• Once, a little while ago.

  • But that's Chavín de Huántar.

  • What an introduction to South America.

  • What an introduction to Peru,

  • to go visit a place.

  • What a way to get inaugurated

  • into the wonders of archaeology.

  • It's great and I became intrigued with the history

  • of all this exploration and who went and where.

  • We all sort of looked even further back

  • into the pages, "Who was exploring?"

  • "Who was caught with this mystery

  • of wonder of the archaeology and culture?"

  • I became enamored with this particular fellow,

  • Ephraim Squier.

  • He was a wonderful explorer

  • for the U.S. government.

  • He was sent as the commissioner to Peru

  • by none other than Abraham Lincoln in the 1860s.

  • This is how far the history goes back in this

  • and the wonderful storytelling.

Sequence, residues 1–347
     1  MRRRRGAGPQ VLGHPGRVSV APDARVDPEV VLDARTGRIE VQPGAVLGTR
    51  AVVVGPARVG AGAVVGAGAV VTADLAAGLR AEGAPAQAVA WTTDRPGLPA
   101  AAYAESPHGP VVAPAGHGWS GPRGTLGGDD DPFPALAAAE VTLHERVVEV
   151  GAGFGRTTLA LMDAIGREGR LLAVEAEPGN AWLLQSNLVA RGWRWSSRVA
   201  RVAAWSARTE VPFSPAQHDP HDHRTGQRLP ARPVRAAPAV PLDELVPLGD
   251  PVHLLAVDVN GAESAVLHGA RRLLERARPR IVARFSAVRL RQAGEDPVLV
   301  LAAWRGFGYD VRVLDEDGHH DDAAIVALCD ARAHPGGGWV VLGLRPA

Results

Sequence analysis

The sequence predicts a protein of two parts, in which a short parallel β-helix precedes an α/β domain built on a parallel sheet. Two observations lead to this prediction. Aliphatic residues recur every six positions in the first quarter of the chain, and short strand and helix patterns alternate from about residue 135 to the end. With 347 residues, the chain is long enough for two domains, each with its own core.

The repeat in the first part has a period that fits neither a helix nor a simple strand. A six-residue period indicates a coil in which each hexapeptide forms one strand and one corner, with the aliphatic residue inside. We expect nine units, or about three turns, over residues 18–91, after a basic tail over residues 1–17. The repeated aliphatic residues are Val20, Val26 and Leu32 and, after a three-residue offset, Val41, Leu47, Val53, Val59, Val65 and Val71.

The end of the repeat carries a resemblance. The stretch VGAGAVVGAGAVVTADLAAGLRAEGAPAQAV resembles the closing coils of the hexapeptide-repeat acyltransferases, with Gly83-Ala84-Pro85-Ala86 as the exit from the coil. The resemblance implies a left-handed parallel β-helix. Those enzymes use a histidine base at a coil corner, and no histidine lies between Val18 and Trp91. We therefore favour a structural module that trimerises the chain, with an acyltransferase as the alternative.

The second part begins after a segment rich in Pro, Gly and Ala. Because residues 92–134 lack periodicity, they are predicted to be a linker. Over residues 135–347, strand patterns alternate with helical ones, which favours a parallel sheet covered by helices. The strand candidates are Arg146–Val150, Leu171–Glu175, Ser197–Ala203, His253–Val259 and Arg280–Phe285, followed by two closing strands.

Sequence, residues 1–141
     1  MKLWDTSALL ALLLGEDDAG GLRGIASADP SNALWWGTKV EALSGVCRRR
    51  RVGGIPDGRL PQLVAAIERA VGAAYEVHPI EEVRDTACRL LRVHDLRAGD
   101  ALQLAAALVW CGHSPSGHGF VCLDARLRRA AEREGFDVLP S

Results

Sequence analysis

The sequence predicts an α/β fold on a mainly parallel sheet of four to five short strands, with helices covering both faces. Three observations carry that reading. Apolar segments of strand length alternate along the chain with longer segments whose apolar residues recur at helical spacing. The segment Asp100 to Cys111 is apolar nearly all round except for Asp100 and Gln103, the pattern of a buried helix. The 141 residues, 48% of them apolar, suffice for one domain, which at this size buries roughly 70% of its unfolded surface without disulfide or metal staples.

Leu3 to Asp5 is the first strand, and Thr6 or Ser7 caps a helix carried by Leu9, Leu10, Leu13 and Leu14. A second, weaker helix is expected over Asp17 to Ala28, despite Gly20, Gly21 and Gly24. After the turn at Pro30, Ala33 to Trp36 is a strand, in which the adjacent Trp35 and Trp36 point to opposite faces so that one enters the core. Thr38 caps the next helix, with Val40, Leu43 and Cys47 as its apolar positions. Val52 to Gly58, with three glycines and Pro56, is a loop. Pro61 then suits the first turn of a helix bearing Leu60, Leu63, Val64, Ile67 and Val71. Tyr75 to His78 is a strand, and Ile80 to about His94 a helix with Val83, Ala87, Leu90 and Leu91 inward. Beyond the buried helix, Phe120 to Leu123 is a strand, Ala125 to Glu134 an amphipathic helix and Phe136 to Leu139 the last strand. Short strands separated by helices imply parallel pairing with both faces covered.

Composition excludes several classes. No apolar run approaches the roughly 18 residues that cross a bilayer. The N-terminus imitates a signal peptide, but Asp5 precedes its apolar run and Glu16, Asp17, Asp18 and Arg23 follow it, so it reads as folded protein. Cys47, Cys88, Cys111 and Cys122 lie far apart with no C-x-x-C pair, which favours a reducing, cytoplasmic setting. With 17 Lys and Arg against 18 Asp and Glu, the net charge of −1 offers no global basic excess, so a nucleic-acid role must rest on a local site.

• As commissioner, he wrote

  • this incredible book called,

  • "The Land of the Incas,"

  • illustrated with 500 woodcuts.

  • Really, I mean, it was the artistry,

  • the magnificence, the wonder of this country

  • that attracted people.

  • These woodcuts were known and reproduced.

  • This was a very popular book

  • published in the 1877.

  • People were so desirous.

  • I became fascinated because there was

  • this photograph of Ephraim Squier

  • and being here at National Geographic

  • we're, naturally, very interested in photographs.

  • But you know, Squier,

  • he made these incredible illustrations

  • that are woodcuts in his book

  • and we assumed that he must